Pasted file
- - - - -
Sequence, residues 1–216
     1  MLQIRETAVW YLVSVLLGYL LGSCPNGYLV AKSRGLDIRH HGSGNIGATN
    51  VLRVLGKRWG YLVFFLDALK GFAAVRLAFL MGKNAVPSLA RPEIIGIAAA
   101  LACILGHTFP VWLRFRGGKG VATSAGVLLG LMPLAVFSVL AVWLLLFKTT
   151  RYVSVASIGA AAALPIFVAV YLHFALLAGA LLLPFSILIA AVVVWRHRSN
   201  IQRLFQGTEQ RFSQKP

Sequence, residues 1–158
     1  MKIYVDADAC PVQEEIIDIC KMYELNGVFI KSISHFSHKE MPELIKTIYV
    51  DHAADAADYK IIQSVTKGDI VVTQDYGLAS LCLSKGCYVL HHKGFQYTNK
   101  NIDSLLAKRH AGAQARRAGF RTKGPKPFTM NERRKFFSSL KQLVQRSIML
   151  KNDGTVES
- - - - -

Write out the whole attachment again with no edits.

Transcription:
Sequence, residues 1–216
     1  MLQIRETAVW YLVSVLLGYL LGSCPNGYLV AKSRGLDIRH HGSGNIGATN
    51  VLRVLGKRWG YLVFFLDALK GFAAVRLAFL MGKNAVPSLA RPEIIGIAAA
   101  LACILGHTFP VWLRFRGGKG VATSAGVLLG LMPLAVFSVL AVWLLLFKTT
   151  RYVSVASIGA AAALPIFVAV YLHFALLAGA LLLPFSILIA AVVVWRHRSN
   201  IQRLFQGTEQ RFSQKP

Sequence, residues 1–158
     1  MKIYVDADAC PVQEEIIDIC KMYELNGVFI KSISHFSHKE MPELIKTIYV
    51  DHAADAADYK IIQSVTKGDI VVTQDYGLAS LCLSKGCYVL HHKGFQYTNK
   101  NIDSLLAKRH AGAQARRAGF RTKGPKPFTM NERRKFFSSL KQLVQRSIML
   151  KNDGTVES